DHO told about various challenges for organizing training for MOs, as many PHC has only one MO, it is difficult to relieve them for training. District Health Officer again added:
“Firstly, MBBS doctors are less interested to work in rural area and…if joined somehow they leave within a short period for different reasons such as….getting job in urban, started self-clinic or higher education….results in shortage of doctors… but what can do?…still we provide training to them…”
One of the senior MO who belonged to Indian system of medicine, (BAMS- Bachelor of Ayurveda Medicine and Surgery) was due for retirement was still untrained in Basic EmOC. He expressed that:
“…I am interested in training, but I am disappointed that yet my name was not suggested from DHO office for the training…may be because…I am BAMS.”
BAMS medical officers told that some of the PHCs have second medical officer of BAMS qualification; however they should be trained in EmOC. Overall total eight medical officers were posted in five PHCs of selected block, out of them only three were trained to provide Basic EmOC. Two trained MOs were BAMS and working regularly since many years; third one was contractual or bonded to government for 11 months (Figure 2).
Suggestions from Service Providers for EmOC
While discussing, participants suggested some possible solutions to improve EmOC service in rural setup such as:
  • Creating conducive work atmosphere in rural area such as providing good family residential quarters with electricity backup facility, quality education facility, communication facility etc.
  • Linking with medical colleges for rural residential posting of resident doctors from obstetric and pediatrics department.
  • Additional incentives and increments for those staff staying round the clock at headquarter.
  • Compulsory PG seats for those who work in rural area for three years
Availability of EmOC services depends on many factors, such as availability of emergency drugs and maintained equipment, referral facility and geographic accessibility. However, all these amenities can be utilized merely in presence of motivated and trained service providers at the facility level; support from district and sub-district level managers as well. The present study focussed on health workforce circumstances to provide EmOC services at peripheral health facilities.
Recruitment of Contractual MOs in PHCs
To achieve the key results on skilled attendance at birth, government of India has taken certain policy decisions which empower Medical Officers and nursing staff to carry out certain emergency interventions after proper training. This study identified availability of trained and competent health workforce as a biggest challenge for providing EmOC through PHC and RH. Studied facilities have second Medical Officer, but they were contractual or bonded and interested in post graduation and showed less motivation or interest in services to be provided through PHCs. When one of Medical Officers was sent for training or any one of the MOs left the job for various reasons (higher education, approaching for urban residency, completion of bond or contract) single MO, due to excess workload and multitasking; could not provide 24 hours services consistently. Another issue, if only one MO is working at PHC, his/her chance to post for training is remote because to relieve one MO for training, alternative arrangement has to be done, which is again challenging for higher authority.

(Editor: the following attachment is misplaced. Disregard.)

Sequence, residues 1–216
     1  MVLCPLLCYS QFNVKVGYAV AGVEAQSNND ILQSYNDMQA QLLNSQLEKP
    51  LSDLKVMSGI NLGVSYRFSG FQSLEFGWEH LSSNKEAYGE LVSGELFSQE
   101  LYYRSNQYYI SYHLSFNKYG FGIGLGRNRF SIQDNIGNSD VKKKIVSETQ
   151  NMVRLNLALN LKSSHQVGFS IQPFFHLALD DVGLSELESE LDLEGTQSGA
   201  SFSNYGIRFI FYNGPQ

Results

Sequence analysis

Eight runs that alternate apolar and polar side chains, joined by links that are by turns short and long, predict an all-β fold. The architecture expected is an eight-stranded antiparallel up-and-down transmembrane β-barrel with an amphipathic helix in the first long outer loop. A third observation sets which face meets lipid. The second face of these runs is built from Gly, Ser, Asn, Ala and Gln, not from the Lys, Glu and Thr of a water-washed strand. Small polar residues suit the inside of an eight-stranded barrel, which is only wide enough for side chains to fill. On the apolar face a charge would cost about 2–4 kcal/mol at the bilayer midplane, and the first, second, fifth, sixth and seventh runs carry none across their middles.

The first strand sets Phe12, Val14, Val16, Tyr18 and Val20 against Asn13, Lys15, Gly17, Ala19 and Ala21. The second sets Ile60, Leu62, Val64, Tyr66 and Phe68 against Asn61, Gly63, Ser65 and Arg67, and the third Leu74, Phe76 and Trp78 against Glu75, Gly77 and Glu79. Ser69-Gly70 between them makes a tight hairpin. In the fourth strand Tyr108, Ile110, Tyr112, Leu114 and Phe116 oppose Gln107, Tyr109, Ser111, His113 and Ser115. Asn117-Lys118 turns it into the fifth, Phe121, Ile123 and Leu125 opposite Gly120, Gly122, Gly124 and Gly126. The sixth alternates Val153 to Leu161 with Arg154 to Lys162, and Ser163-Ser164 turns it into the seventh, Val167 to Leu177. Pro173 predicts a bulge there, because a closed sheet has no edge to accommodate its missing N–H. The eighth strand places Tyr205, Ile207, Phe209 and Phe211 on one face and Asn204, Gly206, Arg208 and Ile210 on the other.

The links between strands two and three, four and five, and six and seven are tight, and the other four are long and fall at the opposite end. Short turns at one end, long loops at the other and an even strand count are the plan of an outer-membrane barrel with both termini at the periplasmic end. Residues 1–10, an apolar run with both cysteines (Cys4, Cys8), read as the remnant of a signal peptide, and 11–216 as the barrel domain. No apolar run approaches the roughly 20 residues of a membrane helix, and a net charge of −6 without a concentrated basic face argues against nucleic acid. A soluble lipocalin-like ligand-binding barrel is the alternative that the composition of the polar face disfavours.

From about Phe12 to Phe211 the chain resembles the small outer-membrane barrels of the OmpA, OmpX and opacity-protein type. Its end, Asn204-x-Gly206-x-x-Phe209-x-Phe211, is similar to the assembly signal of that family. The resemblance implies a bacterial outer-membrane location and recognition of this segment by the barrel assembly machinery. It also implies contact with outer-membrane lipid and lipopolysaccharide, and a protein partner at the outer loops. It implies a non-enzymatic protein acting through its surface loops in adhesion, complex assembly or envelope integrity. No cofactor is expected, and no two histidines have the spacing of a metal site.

Specialist in Rural health center
India started to improve access to comprehensive EmOC in rural areas in 1992 under the Child Survival and Safe Motherhood program [14, 15]. However the results were not very encouraging, primarily due to shortage of public sector obstetricians and anaesthesiologists in rural areas. There are several barriers to recruit obstetricians to rural public health facilities including low salaries, prohibited private practice, lack of facilities and threat of transfer [16].
In present study, higher stakeholders unfolded the residential issue of specialist in rural area and unwillingness of specialist for working in government sector leading to scarcity of gynaecologist in district hospital. Such type of health workforce shortage at the district hospital leads to overburdening of existing doctors with the hospital work. This may results in finding them difficult to focus on training program as a trainer at the district training centers. Hence requisite quality training which consists of practical and hands on teachings might be suffered.
Unequal distribution of all qualified health workers has been observed and 77.4% were located in urban areas. This urban–rural diversity was higher for allopathic doctors (density 11.4 times higher in urban) compared to nurses and midwives (5.5 times higher) [4]. The Ministry of Health and Family Welfare, India reported continuous shortfall of OBGY specialist by 65.9% in 2011, 65.1% in 2012 and 65.4% in 2015[17, 18] Even in a progressive state like Maharashtra, currently out of required 360 posts of obstetricians and gynaecologists at CHCs, 40% are still vacant and anaesthesiologists were even more scant, situation is nearly same as in 2011 when 50% were vacant [18,19]. In studied facilities, Obstetrician visited once a month under Public Private Partnership Program of NHM to diagnose high risk pregnancy. Though such type visits are helpful to prevent some amount of predictable complications, but very rarely or equal to none is beneficial to manage unpredictable 15% emergency complicated cases in rural areas. These current interventions fall short of addressing health workforce issues and Medical Officers were also unsatisfied as it is helpless for EmOC and they desired for the on call gynaecologist.